Synthesis of Esters Catalyzed by Lipases in Water-in-Oil Microemulsions

  • Haralambos Stamatis
  • Aristotelis Xenakis
  • Fragiskos N. Kolisis
Part of the Methods in Biotechnology book series (MIBT, volume 15)


There are two basic advantages in using enzymes as catalysts in organic media instead of aqueous solutions. First, organic solvents favor the solubility of hydrophobic substrates and, second, the presence of such solvents shifts the thermodynamic equilibrium of condensation/hydrolysis reactions in favor of the desired product. Different approaches have been proposed to facilitate the reversal of the normal hydrolytic action of enzymes. These include various macroheterogeneous biphasic systems such as liquid-liquid systems composed of a water-immiscible organic solvent and water, nearly anhydrous systems in which the enzyme is usually suspended as a powder or in an immobilized form adsorbed onto a suitable carrier in organic solvents or gases in a supercritical state, and various homogeneous and microheterogeneous media such as mixtures of water-miscible organic solvent and water as well as different types of microemulsion system (reverse micelles). The subject of enzyme catalysis in media with low water content has been reviewed by several authors (1-6).


Surfactant Molecule Reverse Micelle Hydrophobic Substrate Microemulsion System Sulfosuccinate Sodium 
These keywords were added by machine and not by the authors. This process is experimental and the keywords may be updated as the learning algorithm improves.


  1. 1.
    Ballesteros, A., Bornscheuer, U., Capewell, A., Combes, D., Condoret, J.-S., Koening, K., et al. (1995) Review article: enzymes in nonconventional phases. Biocatal. Biotransform. 13, 1–42.CrossRefGoogle Scholar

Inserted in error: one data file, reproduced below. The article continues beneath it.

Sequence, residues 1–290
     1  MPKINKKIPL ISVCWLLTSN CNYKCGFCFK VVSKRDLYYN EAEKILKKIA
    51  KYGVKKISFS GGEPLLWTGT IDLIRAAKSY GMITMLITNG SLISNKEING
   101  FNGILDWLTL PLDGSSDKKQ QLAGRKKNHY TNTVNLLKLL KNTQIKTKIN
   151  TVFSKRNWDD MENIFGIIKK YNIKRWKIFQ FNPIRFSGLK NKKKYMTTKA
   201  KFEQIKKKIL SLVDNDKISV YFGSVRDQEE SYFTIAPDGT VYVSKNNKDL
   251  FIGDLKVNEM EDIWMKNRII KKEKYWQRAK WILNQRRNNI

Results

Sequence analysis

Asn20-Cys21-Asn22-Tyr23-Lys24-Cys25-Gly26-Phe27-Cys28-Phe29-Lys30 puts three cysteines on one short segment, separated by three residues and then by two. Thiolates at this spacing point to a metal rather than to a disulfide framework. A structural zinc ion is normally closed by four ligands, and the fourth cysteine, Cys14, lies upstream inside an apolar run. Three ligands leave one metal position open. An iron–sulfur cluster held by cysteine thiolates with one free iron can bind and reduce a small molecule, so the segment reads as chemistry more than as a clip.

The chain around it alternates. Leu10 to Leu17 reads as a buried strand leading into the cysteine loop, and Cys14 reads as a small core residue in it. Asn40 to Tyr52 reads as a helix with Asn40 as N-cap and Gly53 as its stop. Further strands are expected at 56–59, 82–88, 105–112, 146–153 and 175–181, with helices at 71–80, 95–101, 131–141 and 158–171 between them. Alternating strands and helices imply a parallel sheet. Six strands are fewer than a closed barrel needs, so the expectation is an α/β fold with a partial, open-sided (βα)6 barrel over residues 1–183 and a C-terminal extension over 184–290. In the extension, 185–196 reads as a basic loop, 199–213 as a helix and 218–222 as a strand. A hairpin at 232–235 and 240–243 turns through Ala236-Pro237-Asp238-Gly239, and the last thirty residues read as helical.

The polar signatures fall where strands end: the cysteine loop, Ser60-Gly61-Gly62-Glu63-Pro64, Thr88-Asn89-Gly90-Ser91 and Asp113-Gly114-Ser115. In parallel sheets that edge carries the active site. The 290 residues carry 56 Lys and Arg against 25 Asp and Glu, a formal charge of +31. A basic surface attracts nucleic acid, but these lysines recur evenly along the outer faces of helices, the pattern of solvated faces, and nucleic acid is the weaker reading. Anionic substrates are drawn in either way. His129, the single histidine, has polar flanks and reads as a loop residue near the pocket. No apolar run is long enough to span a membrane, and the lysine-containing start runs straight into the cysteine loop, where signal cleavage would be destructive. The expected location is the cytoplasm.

2. 2.
    Dodrick, J. S. (1989) Enzymatic catalysis in monophasic organic solvent. Enzyme Microb. Technol. 11, 194–211.CrossRefGoogle Scholar
  3. 3.
    Khmelnitsky, Y. L., Levashov, A. V., Klyachko, N. L., and Martinek K. (1988) Engineering biocatalytic systems in organic media with low water content. Enzyme Microb. Technol. 10, 710–724.CrossRefGoogle Scholar
  4. 4.
    Klibanov, A. M. (1989) Enzymatic catalysis in anhydrous organic solvents. Trends Biochem. Sci. 14, 141–144.CrossRefGoogle Scholar
  5. 5.
    Stamatis, H., Xenakis, A. and Kolisis, F. N. (1999) Bioorganic reactions in microemulsions: the case of lipase. Biotechnol. Adv., in press.Google Scholar
  6. 6.
    Stamatis, H., Xenakis, A., Provelegiou M., and Kolisis, F. N. (1993) Esterification reactions catalyzed by lipases in microemulsions. The role of enzyme localization in relation to its selectivity. Biotechnol. Bioeng. 42, 103–110.CrossRefGoogle Scholar
  7. 7.
    Eicke, H. F. and Rehak, J. (1976) On the formation of water/oil microemulsions. Helv. Chim. Acta 59, 2883–2891.CrossRefGoogle Scholar
  8. 8.
    Luisi, P. L. and Magid, L. (1986) Solubilization of enzymes and nucleic acids in hydrocarbon micellar solutions. CRC Crit. Rev. Biochem. 20, 409–474.CrossRefGoogle Scholar
  9. 9.
    Martinek, K., Levashov, A. V., Klyachko, N. L., Khmelnitsky, Y. L., and Berezin, I. V. (1986) Micellar enzymology. Eur. J. Biochem. 155, 453–468.CrossRefGoogle Scholar